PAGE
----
Meet with Hannah at Fairfax House. She is pleased with my first draft and gives me some really helpful suggestions about making it more focused on the fashion and appreciates my problem about not knowing which garments my exhibition board will appear alongside. There are some amendments to the loans list, but she gives me a preliminary idea of which objects might be grouped together. I have one printed textile, and two gauze dresses with ribbon trims.

Hannah also asks me to write another 300 words on the 'Social Revolution': how life changed as a result of the industrial revolution - for example, the fashion industry became much bigger and impacted on people's daily lives as factories began to supersede home working. Fashion also reflected changes in popular thought: clothing became more egalitarian at all social levels. I promise to email over my revised industrial revolution board along with my first draft of the social revolution board by the end of the month. I am really enjoying how my IPUP internship has a direct value and will be used in the upcoming exhibition.

Late July

I spend a day on research for the 'Social Revolution', but find myself conflicted about how best to write a 300 word board about such big ideas; I want to incorporate an awareness of current historiographical themes and debates about dress in the period but without making it overly complex, bearing in mind the audience will comprise people of all ages with little or no background experience of the subject. At the same time, I don’t want to put forward the view that dress of the period can be read in a very straightforward way - I want to demonstrate that there is more to it than that. In the end I compromise by including anecdotes about Beau Brummell's five-hour daily toilette and penchant for champagne to polish his boots, as well as conveying the importance of fashion and dress about social attitudes.

I also edit my first board and make it much more fashion-focused. I find this much easier, having some dresses in mind to centre the piece upon. Reading through some issues of the contemporary Lady's Magazine, which described the current fashions in most issues, I find some entertaining letters about the 'scandalous' nature of muslin and gauze dresses. I send the two boards off to Hannah, and wait to hear back from her about any future editing and what I can help with next.

Early August

Hear back from Hannah - my panels have been edited slightly by herself and her colleague and will be sent to the designer soon. That means I will get to see the final proofs to check over once more before they are made up. She promises to get back to me with details of any more topics that need researching for the exhibition: a little light relief from editing my thesis introduction. Meanwhile, its back to the PhD…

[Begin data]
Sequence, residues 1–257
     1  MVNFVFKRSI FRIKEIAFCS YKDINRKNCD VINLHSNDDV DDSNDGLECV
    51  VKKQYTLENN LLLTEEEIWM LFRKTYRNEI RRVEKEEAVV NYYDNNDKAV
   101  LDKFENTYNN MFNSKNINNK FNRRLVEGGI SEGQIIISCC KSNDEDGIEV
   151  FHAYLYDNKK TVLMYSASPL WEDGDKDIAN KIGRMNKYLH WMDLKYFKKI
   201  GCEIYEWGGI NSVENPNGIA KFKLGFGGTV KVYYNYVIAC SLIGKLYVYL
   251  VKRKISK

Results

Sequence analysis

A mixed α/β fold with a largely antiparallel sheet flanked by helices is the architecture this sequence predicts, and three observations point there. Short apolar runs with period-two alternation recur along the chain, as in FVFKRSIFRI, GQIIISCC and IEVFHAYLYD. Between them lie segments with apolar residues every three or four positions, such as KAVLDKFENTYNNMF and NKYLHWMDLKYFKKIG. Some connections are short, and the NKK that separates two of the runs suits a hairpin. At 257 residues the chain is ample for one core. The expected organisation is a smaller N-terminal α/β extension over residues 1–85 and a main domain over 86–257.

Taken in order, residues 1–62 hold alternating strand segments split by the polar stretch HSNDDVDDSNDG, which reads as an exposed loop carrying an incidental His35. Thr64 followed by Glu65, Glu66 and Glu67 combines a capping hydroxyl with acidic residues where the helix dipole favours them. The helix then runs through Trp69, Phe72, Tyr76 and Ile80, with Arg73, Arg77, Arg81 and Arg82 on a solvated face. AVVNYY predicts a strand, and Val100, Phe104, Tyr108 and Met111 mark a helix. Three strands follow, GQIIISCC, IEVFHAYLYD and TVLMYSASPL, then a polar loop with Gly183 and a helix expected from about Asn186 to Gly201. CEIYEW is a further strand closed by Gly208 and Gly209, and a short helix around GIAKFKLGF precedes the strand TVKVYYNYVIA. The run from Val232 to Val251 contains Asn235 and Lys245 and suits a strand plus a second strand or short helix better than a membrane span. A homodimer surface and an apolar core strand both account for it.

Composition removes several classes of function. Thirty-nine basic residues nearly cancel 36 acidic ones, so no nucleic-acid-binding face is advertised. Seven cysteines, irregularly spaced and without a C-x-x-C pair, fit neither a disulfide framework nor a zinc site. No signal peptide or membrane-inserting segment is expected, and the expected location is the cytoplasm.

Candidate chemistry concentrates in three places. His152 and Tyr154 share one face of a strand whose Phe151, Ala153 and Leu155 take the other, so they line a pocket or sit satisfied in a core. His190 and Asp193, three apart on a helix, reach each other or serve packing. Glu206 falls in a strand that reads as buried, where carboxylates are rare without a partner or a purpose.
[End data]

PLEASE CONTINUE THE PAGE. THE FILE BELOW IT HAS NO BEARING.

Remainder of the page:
Mid August

Hannah sends over the final list of panels still needed. She is keen to progress one on headwear, which in this exhibition will be represented by two bonnets and a turban-style hat, as well as some ornate metal and tortoiseshell combs finished with precious stones. I pop into Fairfax House to borrow a book and find Hannah in the middle of arranging the headwear display, so I get a really good look at the objects. Knowing what the panel will be displayed next to, I write 300 words on the neo-classical influence on style, expressed through hairstyle and accessories such as these combs. Reading through guides to fashion from 1813, I find some detailed descriptions of ornate hairstyles and pieces that work really well with the objects. I send a 300 word panel on headwear generally and a smaller piece about bonnets to Hannah the next day.

Late August

The exhibition opens and we are invited to the champagne reception to celebrate. Fairfax House has a dedicated permanent exhibition space, but the objects are also displayed throughout the rooms of the house so visitors follow them throughout their tour of the building. It is very rewarding to see our IPUP internship work displayed throughout the house. Its really interesting to see how our panels were edited to reflect the specific objects they sit next to - I feel that I’ve learned a lot as an IPUP intern about how to write for a different audience. Hopefully I will get a chance to develop this further in the future.

Jenny Basford

PhD History
IPUP Intern